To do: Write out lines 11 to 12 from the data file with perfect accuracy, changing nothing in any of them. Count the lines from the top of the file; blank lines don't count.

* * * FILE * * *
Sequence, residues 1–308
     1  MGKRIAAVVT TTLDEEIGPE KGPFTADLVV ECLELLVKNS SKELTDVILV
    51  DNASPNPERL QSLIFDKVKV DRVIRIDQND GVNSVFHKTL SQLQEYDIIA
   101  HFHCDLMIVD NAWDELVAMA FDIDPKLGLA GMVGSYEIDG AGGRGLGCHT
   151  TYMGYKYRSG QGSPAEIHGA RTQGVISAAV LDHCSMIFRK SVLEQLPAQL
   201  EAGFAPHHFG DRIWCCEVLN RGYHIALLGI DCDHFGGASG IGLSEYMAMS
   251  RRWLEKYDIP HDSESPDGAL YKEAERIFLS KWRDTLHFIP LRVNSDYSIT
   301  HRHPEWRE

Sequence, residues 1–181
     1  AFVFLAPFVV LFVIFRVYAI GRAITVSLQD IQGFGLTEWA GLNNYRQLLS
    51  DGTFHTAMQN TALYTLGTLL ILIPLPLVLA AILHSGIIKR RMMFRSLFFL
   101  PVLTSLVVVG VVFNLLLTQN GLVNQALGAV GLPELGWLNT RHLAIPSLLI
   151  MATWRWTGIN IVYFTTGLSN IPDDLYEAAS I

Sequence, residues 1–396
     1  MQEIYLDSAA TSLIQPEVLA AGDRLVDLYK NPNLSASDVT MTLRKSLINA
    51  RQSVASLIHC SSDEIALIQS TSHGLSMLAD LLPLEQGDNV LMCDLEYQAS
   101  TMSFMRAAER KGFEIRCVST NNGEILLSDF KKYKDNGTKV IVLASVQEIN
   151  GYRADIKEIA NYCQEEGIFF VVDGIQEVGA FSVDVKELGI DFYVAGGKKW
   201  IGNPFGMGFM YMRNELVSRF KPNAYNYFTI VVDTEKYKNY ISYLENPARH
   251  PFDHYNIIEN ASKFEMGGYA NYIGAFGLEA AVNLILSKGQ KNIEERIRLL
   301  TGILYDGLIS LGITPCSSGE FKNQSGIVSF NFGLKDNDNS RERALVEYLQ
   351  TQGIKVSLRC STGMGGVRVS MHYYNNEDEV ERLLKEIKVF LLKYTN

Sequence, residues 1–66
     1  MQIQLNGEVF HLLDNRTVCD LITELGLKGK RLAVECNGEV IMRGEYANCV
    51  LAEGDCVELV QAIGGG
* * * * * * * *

    51  DGTFHTAMQN TALYTLGTLL ILIPLPLVLA AILHSGIIKR RMMFRSLFFL
   101  PVLTSLVVVG VVFNLLLTQN GLVNQALGAV GLPELGWLNT RHLAIPSLLI